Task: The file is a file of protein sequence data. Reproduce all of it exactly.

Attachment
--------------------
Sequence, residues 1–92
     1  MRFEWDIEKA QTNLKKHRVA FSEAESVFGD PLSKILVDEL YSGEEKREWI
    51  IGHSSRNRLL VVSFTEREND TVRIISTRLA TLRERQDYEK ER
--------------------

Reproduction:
Sequence, residues 1–92
     1  MRFEWDIEKA QTNLKKHRVA FSEAESVFGD PLSKILVDEL YSGEEKREWI
    51  IGHSSRNRLL VVSFTEREND TVRIISTRLA TLRERQDYEK ER